The Four-Square Bully

And said, O man greatly beloved, fear not:
peace be unto thee, be strong, yea, be strong.

                                                                      — Daniel 10:19

Here’s a way that a good teacher shows kids why bullying is so bad.  She has each child take a clean piece of white paper . . . and crumple it, stamp on it, smudge it, and crush it into a little ball. Then they were to un-ball it, and try to smooth it back into a clean, flat piece of paper again.


Of course, they couldn’t. The paper was changed forever. There were creases and dents, lines and folds that wouldn’t go away.


It’s the same thing when you bully someone, the teacher explains.


When you speak hurtfully to someone, or shove them, or steal their money, or force them to do things for you that they don’t want to do, it’s as if you are crumpling them, like this piece of paper. They will never be the same. They will bear the marks and scars of your bullying for the rest of their lives.


Whoa! That is so powerful. I’m glad for that crystal-clear, practical example for kids.


It reminds me of the simple and effective way that one of our daughters, Neely, handled a playground bully several years ago.


In our grade school were several prominent families with a lot of money and power. Some of their children were great. But a few of them . . . oy. The shrinks would say they “reflected a proprietary sense of entitlement vis-à-vis other children.”




A few of them thought they ruled the school. They were bullies. They worked just beneath the radar. But the emotional damage to their chosen victims was substantial. Every school probably has them.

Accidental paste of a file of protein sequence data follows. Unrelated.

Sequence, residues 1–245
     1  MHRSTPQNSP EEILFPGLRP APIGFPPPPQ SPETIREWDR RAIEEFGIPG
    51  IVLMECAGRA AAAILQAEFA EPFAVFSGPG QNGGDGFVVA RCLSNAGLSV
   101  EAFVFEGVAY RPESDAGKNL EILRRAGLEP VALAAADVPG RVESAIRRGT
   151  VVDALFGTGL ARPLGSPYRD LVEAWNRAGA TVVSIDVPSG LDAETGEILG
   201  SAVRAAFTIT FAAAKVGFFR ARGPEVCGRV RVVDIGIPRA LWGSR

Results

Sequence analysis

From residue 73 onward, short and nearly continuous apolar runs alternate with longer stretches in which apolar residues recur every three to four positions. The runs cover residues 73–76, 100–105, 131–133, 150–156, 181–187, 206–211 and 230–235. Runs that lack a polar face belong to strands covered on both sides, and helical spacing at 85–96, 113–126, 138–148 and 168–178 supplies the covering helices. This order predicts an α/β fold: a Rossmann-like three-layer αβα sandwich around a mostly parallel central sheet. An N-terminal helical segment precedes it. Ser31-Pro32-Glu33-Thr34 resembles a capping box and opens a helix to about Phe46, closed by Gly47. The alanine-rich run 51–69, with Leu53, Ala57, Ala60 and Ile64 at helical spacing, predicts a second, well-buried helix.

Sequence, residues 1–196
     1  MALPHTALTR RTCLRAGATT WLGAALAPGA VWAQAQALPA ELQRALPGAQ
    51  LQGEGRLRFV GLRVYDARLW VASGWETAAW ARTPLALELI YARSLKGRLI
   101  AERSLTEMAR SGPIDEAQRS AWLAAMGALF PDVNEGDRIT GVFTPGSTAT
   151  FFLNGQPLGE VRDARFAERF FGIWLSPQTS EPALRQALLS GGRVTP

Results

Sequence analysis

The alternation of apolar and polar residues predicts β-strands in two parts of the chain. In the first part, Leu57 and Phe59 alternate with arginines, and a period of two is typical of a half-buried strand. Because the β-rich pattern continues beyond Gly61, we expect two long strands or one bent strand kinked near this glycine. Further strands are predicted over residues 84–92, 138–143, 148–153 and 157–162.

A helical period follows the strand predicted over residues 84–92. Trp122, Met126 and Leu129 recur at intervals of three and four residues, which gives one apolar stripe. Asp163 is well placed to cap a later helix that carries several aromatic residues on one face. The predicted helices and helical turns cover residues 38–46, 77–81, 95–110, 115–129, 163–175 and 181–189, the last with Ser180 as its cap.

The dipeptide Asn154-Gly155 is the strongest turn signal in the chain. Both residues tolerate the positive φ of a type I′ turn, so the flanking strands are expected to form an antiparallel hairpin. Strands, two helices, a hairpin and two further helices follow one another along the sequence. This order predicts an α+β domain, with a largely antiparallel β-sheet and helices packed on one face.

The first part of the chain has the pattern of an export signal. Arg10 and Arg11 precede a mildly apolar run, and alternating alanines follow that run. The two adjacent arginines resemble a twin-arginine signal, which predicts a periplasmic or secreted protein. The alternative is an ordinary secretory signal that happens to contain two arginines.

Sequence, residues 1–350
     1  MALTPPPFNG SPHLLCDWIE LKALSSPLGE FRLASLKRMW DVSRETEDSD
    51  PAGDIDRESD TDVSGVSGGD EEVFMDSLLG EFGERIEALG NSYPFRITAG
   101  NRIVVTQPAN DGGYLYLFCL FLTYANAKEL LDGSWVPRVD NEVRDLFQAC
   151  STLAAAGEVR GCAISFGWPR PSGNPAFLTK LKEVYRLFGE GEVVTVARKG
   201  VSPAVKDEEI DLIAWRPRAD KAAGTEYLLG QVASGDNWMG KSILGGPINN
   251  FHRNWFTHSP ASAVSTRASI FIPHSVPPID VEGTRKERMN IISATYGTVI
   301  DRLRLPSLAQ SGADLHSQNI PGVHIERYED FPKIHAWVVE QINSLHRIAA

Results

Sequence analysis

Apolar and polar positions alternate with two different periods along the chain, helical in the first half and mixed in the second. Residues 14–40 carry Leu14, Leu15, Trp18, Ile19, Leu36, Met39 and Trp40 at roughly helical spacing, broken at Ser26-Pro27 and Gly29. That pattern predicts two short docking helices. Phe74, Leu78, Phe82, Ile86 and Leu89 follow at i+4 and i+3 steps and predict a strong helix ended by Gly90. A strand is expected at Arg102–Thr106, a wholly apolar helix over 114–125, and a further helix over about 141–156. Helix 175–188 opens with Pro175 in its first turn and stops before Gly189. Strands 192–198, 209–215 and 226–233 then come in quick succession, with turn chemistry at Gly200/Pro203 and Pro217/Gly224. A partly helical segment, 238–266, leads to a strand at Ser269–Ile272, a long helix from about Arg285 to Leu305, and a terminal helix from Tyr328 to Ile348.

If you sat at the lunch table with one girl, for example, she would ask you to jump up and get her a napkin. If you didn’t do it, woe is you. She’d start rumors against you. She’d trip you to embarrass you. You’d find out on Monday morning that she’d a party and invited everyone in the class except you.


These bullies would hit you, but always behind the teacher’s back. Or they’d talk about you, but always behind YOUR back. They would bully in the restroom, out on the playground, or to and from school, wherever adult supervision couldn’t quite reach. It was like a miniature gang at our grade school. At many schools, it’s worse.


These young bullies just had a way of always stirring the pot and wrecking the peace. They always isolated the weakest child for hurtful treatment, in front of the “pack.” That way, the rest of the “pack” would fall in line behind the bully so as not to be the next victim.


Our daughters were so smart and nice, and had enough self-esteem, that they didn’t get bullied. They had too many tools to resist it. But they did witness other kids getting bullied. And they didn’t like it one bit.


We talked about why bullies bully, and tried to develop compassion for them as well as for their victims. There was obviously a lot going on with bullies emotionally. We taught our girls the old adage: hurting people hurt people. We tried to encourage them to stand up for themselves and others, and never, ever to bully back – never retaliate for mean behavior with more mean behavior.


Of course we prayed, too. All you can do is try to equip your kids as well as you can for all kinds of situations, and hope for the best.


Well, one day at recess when she was in fourth grade, our Neely demonstrated exactly how you deal with a bully. It was a sweeeeeeet victory for all.